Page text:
Airfix 1/72 Lysander Mk.II Kit First Look
By Ray Mehlberger
|Date of Review||January 2009||Manufacturer||Airfix|
|Kit Number||2053||Primary Media||Styrene|
|Pros||Nice subject||Cons||Next to nil interior detail. Mad Riveter work on wings|
|Skill Level||Basic||MSRP (USD)||$7.95|
The Lysander, was a two-seat, high-wing monoplane which was employed as an Army Co-operation aircraft. It was built by Westland in the UK and used in WWII. The Lysander had an operating speed of 170 mph, a ceiling of 26,00 ft. and a range of 600 miles.
The Lysander was armed with one fixed Browning 0.50 in. machine gun mounted in each wheel spat, and twin manually operated Browning’s mounted in the rear cockpit. Anti-personnel bombs were carried beneath each stub wing on the landing gear legs. Amongst the Lysander’s many duties were reconnaissance, artillery spotting, dropping of food and ammunition to beleaguered forces, message dropping and air-sea rescue.
Perhaps it’s most famous role was dropping agents behind enemy lines. It was powered by one 950 hp Bristol Perseus XII radial engine. There were 8 or more variants of the Lysander produced. It was used by: Australia, British India, Canada, Egypt, Finland, Free France, Ireland, Poland, Portugal, South Africa, Turkey, the UK and USA.
A small number are preserved in museums in the UK and Canada and elsewhere. The National Air and Space Museum, Smithsonian Institution, in the Udvar-Hazy Center located in Chantilly, Virginia, suburb of Washington DC, near Dulles International Airport has a Westland Lysander Mk. IIIA on display, painted in the markings of No. 138 Squadron RAF (famed for their clandestine missions in wartime Europe).
Airfix is a model company based in the UK. This kit is out of production, but has been re-released with a new figure that is climbing the boarding ladder and it has a belly fuel tank now. This newer re-release may have better interior and other details now (kit no. ARX2053)
My kit is over 30 years old. I paid a paltry .89 cents for it back in the late 60’s. It comes in a clear cello bag with a header sheet stapled to the bag. The coverart shows a Lysander overflying a British formation on the ground. The aircraft is in a wave pattern of earth and dark green over a duck egg blue undercarriage. It carries a fuselage code of LX (roundel) M in large white letters and a fin flash on the tail. The propeller and spinner are jet black. This artwork shows that the small black serial no. N1256 is in front of the tail and just behind the white letters. However, the other side of this header sheet has a 3-view of the scheme with the serial number atop the LX on the right side and atop the M of the left side. The aircraft also does not carry roundels under the wings. This is the only marking provided on the kit’s decal sheet and my sheet has yellowed some with age and will have to be replaced with an after-market one of similar or identical markings. The sheet in the kit has a cloudy tissue provided, that is supposed to protect the face of the decal from abrasion. However, the tissue is loose and floating around, so of little protective value therefore.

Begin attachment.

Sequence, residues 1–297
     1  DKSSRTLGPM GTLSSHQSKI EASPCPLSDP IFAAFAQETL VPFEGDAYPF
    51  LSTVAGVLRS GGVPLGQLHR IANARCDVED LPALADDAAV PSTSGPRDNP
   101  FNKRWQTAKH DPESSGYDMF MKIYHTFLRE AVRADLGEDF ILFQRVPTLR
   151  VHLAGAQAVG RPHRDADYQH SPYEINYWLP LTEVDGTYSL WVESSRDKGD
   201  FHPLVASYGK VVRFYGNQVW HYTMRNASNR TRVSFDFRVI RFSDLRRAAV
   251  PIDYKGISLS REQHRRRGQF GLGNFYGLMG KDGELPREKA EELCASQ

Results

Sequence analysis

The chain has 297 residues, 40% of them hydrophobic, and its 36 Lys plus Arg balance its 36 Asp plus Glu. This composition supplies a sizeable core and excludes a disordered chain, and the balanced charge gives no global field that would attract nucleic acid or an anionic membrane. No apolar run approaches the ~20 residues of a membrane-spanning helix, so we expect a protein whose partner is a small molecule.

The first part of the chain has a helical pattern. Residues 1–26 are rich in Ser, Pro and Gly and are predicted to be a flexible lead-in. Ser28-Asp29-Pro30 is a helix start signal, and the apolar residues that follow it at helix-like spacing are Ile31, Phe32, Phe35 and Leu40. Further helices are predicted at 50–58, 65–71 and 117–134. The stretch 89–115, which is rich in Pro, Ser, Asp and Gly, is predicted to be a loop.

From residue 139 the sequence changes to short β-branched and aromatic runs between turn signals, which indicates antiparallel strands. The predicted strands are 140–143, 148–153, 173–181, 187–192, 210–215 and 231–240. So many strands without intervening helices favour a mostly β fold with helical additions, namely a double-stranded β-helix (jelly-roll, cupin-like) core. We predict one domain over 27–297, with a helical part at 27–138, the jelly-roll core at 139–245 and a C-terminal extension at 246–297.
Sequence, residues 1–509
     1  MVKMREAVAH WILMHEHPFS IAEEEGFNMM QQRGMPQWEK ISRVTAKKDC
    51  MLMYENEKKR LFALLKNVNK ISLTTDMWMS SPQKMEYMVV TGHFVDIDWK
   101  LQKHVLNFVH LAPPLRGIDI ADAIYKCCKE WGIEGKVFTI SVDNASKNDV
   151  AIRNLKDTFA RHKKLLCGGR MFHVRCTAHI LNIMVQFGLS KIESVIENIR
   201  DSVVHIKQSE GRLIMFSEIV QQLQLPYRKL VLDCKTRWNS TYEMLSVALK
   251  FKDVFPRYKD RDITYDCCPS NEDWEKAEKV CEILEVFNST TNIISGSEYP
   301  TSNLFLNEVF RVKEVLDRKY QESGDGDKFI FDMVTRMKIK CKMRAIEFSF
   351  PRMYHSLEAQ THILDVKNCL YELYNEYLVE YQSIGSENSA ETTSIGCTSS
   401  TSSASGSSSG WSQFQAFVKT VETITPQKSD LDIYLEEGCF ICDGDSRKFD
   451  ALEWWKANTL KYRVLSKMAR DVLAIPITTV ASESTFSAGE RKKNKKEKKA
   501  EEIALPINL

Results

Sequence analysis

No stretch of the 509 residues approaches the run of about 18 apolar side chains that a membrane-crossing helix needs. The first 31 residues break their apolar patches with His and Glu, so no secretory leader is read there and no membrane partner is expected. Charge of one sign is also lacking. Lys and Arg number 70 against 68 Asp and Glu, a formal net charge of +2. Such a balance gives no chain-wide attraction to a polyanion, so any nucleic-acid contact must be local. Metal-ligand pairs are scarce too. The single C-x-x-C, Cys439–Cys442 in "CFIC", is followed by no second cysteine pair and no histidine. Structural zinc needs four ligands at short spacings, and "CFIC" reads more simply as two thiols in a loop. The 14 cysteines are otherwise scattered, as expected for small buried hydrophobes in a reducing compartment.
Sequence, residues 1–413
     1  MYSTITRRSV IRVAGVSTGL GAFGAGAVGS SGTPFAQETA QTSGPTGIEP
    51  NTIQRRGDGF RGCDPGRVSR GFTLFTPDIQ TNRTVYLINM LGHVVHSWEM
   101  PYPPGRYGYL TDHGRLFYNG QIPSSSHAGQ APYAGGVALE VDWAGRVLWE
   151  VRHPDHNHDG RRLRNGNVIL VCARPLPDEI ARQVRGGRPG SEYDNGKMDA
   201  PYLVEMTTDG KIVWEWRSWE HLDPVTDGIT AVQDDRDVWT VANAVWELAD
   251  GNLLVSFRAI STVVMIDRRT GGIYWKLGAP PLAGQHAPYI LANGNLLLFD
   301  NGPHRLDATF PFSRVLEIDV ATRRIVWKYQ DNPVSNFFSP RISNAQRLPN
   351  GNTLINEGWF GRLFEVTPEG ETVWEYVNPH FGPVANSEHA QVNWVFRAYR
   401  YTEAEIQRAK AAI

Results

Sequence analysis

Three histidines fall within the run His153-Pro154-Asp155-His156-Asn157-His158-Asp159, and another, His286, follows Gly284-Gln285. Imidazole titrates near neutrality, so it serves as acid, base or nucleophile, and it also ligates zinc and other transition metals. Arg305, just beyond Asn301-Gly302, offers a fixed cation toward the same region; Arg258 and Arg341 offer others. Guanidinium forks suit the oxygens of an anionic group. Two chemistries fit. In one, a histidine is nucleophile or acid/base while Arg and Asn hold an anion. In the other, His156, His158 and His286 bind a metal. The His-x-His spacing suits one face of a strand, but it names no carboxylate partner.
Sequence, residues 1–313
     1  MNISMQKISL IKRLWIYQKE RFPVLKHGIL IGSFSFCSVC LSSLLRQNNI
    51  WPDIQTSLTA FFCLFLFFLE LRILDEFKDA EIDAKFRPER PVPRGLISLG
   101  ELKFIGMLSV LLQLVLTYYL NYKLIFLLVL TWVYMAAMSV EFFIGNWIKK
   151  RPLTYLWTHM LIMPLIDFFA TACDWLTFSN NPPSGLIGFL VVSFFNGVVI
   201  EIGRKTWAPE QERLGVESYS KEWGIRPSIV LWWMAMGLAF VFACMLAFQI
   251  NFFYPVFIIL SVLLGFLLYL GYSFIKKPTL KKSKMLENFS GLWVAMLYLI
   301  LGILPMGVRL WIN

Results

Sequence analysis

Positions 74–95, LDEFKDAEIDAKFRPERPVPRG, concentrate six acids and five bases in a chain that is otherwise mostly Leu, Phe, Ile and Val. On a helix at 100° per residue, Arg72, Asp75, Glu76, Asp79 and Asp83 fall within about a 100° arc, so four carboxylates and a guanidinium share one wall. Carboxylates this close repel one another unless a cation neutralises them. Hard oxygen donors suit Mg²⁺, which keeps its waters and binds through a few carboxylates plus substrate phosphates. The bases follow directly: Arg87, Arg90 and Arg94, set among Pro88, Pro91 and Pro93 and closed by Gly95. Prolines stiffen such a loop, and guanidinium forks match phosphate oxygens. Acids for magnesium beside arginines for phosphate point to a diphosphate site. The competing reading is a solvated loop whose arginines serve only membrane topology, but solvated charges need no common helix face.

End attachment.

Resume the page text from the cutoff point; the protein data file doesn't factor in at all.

The inside of this header sheet has the assembly drawings and there are only 3 of them, with captions below each telling how to proceed in those steps.
The parts in the kit are molded in silver gray styrene. It appears to me that Airfix took what was a larger parts tree and butchered it up into smaller sections, of only a few parts, to fit into the cello bag.
There are individual fuselage halves, the cowling and the wings. The wings have the flaps molded solid and they would take surgery to re-position if desired.
There are 2 of the chopped up trees. Some of the parts had broken off these from rubbing together in the bag.
The first one holds: the propeller, tailwheel, pilot and passenger busts (molded from chest up only and having a sink mark in the pilot’s chest), stub wings that carried the bombs on the landing gear, propeller shaft and retainer washer. (9 parts) The figures are meant to just be cemented to a waist high shelf in the cockpit. No other detail is provided in there.
The second tree holds: the wing struts, horizontal stabilizers (again, with flaps molded solid) and the spatted landing gear (with wheels molded in) (6 parts).
The clear parts consist of the large greenhouse cockpit transparency and a 2 part desk display stand.
The decal sheet completes the kit’s contents (already described above).
This kit is just a basic beginning for a Lysander model. Better kits of the Lysander have been released since this one was marketed. However, it is a springboard for a scratchbuilder and also an easy kit to assemble for a novice modeler.